My Blue and Gold Macaw named Fid joined my flock back in February this year. He went through the standard ‘new bird’ vet consultation and was diagnosed with psittacosis and an assortment of other much more minor problems.
When I last wrote about him, Fid’s was health was steadily improving and I’d finally solved the issue of his terrible sleeping habits and fear of the dark by giving him a shelf to sleep on instead of a standard perch.
It has been a long process, but Fid is now definitely in the clear when it comes to psittacosis. He’s been off treatment for a while (long enough for things to settle) and his test results are coming back clear.
My vet repeated all of Fid’s blood work so we could compare results and I’m happy to say that the liver abnormalities are completely gone. All his levels are normal except for one. That’s a significant improvement.
Naturally, alarm bells ring when there’s still one level that isn’t quite right. It’s really, really frustrating that there is an unexplained abnormality. In fact, my vet wasn’t convinced that the results were accurate and so he arranged for a specialist to repeat the lab test. The second lot of results (same blood) for that one level came back slightly better but still not 100% right. My vet’s advice is to not panic over it as it may just be a fluke and we’ll repeat the test again in about a month. If the results were indicative of a real problem, other levels should have supported that but they didn’t.
Fid has effectively been to his avian vet almost once every week since late February. This is mainly because Fid didn’t respond to the medicated water treatment for psittacosis and basically needed an injection roughly every 5-7 days for several months. When he hasn’t seen the vet, the vet has called me to check on him. It has been a real relief to have such a dedicated vet. If anyone needs a good avian vet, I’d strongly recommend Matthew Gosbell at Greencross vets in Springvale, Victoria.
The problem with Fid being so sick, for so long is that he lost that innocent belief that people won’t hurt him. He can’t be 100% sure of who is going to suddenly produce a syringe or some horrible test for him to deal with and he developed the tendency to cry out when someone approached him.
Now that he has been medically cleared, I’ve begun to socialise Fid with as many people as possible in order to solve this issue. We’re beginning to cover the basics in training. Desired learning outcomes include:
- People are allowed to wear glasses.
- All earrings do not automatically belong to Fid.
- Snatching food from people is rude.
- TV remotes aren’t edible.
- Wrist watches aren’t edible.
- Shoelaces aren’t edible.
- Curly haired people don’t think it is fun to have their hair pulled and neither do straight haired people, people with ponytails or people with hair in their ears or nose.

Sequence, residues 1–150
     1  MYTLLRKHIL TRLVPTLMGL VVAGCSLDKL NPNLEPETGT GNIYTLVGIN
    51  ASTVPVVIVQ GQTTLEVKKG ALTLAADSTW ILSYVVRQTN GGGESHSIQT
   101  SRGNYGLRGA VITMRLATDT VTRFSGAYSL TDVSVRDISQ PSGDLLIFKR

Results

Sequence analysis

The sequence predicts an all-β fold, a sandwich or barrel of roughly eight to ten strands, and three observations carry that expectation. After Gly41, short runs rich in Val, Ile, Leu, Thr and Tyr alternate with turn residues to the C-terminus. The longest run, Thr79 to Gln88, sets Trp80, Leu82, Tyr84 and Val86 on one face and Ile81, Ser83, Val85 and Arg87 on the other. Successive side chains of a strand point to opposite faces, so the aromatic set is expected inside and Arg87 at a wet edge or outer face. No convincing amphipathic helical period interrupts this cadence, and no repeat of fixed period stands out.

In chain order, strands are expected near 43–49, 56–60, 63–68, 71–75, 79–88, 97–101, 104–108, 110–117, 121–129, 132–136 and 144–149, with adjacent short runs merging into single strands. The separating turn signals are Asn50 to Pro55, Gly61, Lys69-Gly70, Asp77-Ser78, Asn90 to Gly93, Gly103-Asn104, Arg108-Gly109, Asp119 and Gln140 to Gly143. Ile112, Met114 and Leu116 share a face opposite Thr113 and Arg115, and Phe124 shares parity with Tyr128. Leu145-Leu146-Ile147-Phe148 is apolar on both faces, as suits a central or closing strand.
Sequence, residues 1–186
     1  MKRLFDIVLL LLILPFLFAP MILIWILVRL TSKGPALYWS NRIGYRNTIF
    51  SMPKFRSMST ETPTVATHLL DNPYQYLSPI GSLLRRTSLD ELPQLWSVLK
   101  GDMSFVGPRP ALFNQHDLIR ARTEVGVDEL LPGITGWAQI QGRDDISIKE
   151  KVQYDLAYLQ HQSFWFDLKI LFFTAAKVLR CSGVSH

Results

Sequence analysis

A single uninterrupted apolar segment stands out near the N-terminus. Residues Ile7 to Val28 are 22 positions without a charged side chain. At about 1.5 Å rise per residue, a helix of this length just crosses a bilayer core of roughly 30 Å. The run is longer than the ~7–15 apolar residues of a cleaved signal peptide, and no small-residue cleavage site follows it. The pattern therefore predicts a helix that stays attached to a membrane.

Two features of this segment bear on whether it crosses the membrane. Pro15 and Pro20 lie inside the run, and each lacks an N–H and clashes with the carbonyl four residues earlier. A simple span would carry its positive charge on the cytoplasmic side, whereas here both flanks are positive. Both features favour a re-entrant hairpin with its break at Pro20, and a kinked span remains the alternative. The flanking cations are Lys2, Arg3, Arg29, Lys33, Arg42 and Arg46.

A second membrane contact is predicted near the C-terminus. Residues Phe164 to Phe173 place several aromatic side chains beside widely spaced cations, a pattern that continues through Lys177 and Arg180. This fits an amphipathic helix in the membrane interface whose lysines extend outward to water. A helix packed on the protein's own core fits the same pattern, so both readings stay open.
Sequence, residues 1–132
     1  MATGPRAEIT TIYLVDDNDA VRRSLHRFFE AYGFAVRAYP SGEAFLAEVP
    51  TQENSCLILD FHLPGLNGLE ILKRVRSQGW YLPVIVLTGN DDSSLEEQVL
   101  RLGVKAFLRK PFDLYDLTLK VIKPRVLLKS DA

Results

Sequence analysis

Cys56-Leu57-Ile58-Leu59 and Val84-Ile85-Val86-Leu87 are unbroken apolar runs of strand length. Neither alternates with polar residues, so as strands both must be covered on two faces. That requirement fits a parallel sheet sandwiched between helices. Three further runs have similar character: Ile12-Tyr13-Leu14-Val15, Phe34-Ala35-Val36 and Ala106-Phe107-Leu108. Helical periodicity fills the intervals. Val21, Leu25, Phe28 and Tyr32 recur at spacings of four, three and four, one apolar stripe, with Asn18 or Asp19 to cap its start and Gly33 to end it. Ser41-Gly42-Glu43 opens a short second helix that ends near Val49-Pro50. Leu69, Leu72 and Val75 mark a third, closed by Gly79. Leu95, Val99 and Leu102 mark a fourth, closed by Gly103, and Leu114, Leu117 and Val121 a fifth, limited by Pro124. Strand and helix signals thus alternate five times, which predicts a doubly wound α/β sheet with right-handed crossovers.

You get the idea! The hope is he’ll be able to join some of the birds on school or nursing home visits.
In the meantime, I’m having the fun of watching Fid learn about absolutely everything. My favourite has to be when he tries to eat a kiwi fruit. The evil parront in me finds it amusing to feed them to him whole.
He’ll pick it up, carry it over to the water bowl and stand on one foot, using the other to hold it in the water for up to 10 minutes trying to dissolve the skin. He’ll pull it out and look at it to see if it has dissolved yet and get really annoyed when it hasn’t. Eventually he gives up and throws it at the floor to smash it open instead (a method that he has found which works on most foods). One day he’ll work out that dissolving isn’t the solution, but wow it’s funny to watch him try.
I have had some other issues with him. For a while, he was plucking at his chest feathers, damaging any new pinfeathers as they were coming in. The area that was bothering him was the area that he was receiving his injections, so this wasn’t entirely a surprise. Apparently, doxycycline injections hurt a lot! They certainly leave a nasty bruise! This has cleared up though, now that he is no longer having injections.
His other feather problems are obvious when you see his tail. Unfortunately he has broken a few tail feathers and they get rattier every day. I found myself complaining to the vet that it’s like he forgets he has a tail. This seems to be exactly what the problem is. He plays wild swinging games where he hangs upside down by one toe and then goes crashing to the ground. He never remembers to accommodate his tail in this, so he bends it on all sorts of unfortunate angles.
What I hadn’t realised is that this is common for a macaw of Fid’s age. I’ve been talking to other macaw owners as well as my vet and they all say that it can take baby macaws a few years to fully wean and learn that those extra long feathers are actually attached. So I can look forward to him continually hitting me in the face with his tail when he decides to do a somersault in my arms!!!
Fid had his wings hacked (I’d love to be able to use the word trimmed but hacked fits better) before he came to me. He has never learned to fly and that is actually slowing down the process of him learning how to deal with his tail. He is exceptionally clumsy and does a crazy kangaroo-style hop when he wants to get something. I can’t wait until his wings grow out, as he worries me when he is so accident-prone.
In the meantime, Fid is enjoying everything new that I can throw at him. It really is like having a toddler in the house. I can’t take my eyes off him for a second. Any time I do, he gets into some sort of scrape.
He went after the tissues in a tissue box that I keep on a coffee table next to my armchair last night. He jammed his head through the hole and roared when he got his head stuck for a second. Now all tissue boxes apparently must die. I’m not sure what is going to happen when I next get the flu?
On the bright side? I’m never going to be bored!!!!